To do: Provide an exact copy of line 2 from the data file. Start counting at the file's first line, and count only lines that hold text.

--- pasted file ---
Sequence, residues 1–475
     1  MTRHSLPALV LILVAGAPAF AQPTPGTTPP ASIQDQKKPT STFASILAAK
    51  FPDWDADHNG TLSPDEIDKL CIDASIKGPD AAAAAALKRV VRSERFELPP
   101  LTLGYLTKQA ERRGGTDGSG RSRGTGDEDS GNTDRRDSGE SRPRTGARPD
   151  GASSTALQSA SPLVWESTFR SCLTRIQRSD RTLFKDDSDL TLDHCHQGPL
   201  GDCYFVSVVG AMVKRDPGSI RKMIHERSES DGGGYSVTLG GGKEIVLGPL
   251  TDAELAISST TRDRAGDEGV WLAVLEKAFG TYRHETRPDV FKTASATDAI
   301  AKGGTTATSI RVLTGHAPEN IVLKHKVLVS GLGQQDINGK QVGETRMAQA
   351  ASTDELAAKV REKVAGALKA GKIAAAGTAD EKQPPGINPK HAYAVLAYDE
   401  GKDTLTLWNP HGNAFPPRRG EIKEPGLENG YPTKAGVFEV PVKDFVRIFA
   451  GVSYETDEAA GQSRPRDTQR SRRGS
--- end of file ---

     1  MTRHSLPALV LILVAGAPAF AQPTPGTTPP ASIQDQKKPT STFASILAAK